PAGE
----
CONCLUSION: This study provides evidence of a significant eosinophilic and neutrophilic inflammation as well as remodeling in IrIa many years after an inhalational accident.
AD
Meakins-Christie Laboratories, McGill University, Montreal, Quebec, Canada.
PMID
43
TI
Is reactive airways dysfunction syndrome a variant of occupational asthma?
AU
Gautrin D, Boulet LP, Boutet M, Dugas M, Bhérer L, L'Archevêque J, Laviolette M, CôtéJ, Malo JL
SO
J Allergy Clin Immunol. 1994;93(1 Pt 1):12.
 
BACKGROUND: Reactive airways dysfunction syndrome (RADS) or irritant-induced asthma is a syndrome that leaves subjects with asthma-like symptoms after one or more exposures to a high concentration of an irritant substance. The degree of reversibility of airway obstruction in subjects with RADS is nevertheless unknown, as is the degree of associated lesions at the airway level.
METHODS: We compared the acute reversibility of forced expiratory volume in 1 second (FEV1) after inhalation of albuterol (200 micrograms) in 15 subjects with RADS (12 cases caused by chlorine inhalation) with that of 30 subjects with occupational asthma (OA) caused by various agents. They were paired according to baseline airway obstruction (61% and 63% of predicted value in the RADS and OA groups), requirement for medication (bronchodilator only--7 of 15 subjects with RADS and 14 of 30 subjects with OA--as compared with bronchodilator + inhaled steroids in 8 of 15 subjects with RADS and 16 of 30 subjects with OA, respectively), and interval since removal from exposure (means of 30 and 24 months in the RADS and OA groups). In addition, five nonsmokers with RADS who had not received inhaled steroids underwent bronchoscopy with lavage and bronchial biopsies less than 2 years after the exposure.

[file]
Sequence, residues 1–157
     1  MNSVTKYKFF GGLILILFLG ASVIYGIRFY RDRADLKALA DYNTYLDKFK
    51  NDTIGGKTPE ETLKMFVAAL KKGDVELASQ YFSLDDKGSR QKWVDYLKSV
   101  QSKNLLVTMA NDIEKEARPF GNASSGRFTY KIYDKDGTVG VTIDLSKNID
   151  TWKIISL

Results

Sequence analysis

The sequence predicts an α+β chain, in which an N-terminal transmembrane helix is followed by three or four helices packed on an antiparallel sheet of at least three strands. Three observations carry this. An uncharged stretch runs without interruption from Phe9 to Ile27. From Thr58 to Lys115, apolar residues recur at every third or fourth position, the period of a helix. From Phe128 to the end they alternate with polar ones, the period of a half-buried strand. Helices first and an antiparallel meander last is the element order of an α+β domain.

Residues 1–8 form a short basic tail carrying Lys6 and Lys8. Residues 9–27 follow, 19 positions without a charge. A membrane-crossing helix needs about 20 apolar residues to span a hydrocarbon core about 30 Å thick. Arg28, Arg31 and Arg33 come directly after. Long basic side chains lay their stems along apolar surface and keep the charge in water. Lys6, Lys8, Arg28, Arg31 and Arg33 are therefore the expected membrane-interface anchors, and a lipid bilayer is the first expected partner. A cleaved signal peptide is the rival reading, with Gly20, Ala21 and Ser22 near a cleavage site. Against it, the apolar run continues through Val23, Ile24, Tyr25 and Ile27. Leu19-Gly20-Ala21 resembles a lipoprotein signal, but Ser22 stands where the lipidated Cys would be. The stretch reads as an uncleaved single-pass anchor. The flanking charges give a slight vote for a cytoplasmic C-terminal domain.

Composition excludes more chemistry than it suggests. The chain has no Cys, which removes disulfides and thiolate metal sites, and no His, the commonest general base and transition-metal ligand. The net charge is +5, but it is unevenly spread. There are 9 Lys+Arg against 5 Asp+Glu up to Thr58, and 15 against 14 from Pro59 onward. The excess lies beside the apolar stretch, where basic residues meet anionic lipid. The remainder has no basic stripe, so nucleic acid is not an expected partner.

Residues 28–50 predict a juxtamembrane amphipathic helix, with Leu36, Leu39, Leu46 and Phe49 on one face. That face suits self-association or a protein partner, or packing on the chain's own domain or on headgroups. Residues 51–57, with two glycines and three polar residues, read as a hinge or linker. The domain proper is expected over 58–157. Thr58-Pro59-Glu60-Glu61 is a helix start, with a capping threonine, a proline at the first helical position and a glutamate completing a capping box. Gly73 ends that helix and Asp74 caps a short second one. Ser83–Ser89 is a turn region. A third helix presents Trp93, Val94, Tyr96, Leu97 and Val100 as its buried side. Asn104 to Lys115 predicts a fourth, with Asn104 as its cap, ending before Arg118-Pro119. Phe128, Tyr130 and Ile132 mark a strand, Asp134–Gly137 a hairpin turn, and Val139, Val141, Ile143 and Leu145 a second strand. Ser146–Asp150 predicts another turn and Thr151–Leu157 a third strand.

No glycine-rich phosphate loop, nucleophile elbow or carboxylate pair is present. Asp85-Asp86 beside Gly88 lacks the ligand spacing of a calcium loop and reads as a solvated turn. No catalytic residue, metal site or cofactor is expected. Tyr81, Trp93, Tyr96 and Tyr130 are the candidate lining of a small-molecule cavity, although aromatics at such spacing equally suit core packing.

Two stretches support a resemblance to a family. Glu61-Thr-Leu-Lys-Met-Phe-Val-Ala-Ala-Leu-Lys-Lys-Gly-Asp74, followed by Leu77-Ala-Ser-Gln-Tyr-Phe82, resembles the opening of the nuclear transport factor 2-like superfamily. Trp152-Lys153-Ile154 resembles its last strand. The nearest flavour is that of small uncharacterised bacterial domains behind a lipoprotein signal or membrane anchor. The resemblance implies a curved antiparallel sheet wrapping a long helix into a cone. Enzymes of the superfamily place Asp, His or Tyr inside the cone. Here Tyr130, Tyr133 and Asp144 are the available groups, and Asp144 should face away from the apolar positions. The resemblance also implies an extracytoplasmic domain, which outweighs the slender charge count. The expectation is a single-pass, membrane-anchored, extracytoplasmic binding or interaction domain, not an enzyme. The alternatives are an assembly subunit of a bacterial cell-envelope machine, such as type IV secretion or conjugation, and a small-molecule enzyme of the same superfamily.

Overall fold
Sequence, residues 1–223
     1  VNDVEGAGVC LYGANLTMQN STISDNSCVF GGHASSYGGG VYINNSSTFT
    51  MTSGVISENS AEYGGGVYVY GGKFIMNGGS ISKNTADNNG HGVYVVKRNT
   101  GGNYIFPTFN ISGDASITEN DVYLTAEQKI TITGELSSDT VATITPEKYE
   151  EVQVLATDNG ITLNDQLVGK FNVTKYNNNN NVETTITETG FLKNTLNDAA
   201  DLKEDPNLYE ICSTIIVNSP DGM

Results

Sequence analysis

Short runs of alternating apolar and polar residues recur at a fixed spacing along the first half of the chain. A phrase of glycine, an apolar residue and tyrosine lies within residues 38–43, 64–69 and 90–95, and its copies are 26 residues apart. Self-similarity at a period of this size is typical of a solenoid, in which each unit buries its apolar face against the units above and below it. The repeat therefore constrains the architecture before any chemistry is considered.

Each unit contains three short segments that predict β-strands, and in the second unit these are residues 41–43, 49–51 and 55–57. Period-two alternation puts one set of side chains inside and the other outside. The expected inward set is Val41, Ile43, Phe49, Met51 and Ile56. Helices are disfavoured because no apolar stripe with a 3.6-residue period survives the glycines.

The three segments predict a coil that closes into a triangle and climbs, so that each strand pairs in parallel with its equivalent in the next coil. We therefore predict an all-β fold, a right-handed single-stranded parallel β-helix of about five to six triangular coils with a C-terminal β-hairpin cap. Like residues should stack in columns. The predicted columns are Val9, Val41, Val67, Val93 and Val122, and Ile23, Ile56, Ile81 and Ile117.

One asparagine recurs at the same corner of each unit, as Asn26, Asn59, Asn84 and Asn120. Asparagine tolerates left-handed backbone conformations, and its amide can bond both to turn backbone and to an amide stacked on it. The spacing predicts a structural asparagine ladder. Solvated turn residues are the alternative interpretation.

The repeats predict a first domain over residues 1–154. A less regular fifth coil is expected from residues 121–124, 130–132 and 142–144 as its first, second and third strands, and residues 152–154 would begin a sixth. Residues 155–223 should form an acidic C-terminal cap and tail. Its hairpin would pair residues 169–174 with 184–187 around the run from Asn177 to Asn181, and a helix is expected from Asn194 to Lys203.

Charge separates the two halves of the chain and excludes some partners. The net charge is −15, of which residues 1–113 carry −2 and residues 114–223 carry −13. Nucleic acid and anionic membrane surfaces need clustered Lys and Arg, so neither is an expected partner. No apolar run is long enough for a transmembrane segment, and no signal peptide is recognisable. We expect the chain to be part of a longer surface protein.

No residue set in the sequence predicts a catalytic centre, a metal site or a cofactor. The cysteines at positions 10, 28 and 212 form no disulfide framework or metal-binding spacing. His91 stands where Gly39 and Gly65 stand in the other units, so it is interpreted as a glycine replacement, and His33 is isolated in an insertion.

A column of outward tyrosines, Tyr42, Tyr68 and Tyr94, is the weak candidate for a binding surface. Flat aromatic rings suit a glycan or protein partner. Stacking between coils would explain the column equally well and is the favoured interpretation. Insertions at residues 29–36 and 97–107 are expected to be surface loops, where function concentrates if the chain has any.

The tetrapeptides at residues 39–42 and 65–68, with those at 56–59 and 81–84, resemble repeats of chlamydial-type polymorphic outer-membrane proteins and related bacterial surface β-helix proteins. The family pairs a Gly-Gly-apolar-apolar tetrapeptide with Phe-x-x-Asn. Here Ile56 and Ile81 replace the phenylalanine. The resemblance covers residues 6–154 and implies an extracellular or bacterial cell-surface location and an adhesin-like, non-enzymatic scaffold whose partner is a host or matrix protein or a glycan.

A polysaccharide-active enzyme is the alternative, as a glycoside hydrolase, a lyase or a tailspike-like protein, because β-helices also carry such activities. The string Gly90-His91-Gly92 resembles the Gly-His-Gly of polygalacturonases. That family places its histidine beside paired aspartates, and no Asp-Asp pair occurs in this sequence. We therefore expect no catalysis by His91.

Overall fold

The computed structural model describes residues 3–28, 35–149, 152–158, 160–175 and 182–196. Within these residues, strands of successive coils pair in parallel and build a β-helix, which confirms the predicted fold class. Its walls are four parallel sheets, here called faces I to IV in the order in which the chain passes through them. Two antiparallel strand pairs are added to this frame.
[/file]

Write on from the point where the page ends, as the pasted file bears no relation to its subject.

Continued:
RESULTS: The percentage increase in FEV1 over baseline after inhalation of albuterol was 10% +/- 9% in the RADS group and 19% +/- 16% in the OA group (p = 0.005). Only 2 of 15 subjects (13%) with RADS and 12 of 30 subjects (40%) with OA showed an improvement in FEV1 of 20% or greater after inhalation of albuterol. Bronchoalveolar lavage showed an increased number of cells with a predominance of lymphocytes, and biopsy specimens showed increased basement membrane thickness in the five subjects with RADS who underwent bronchoscopy.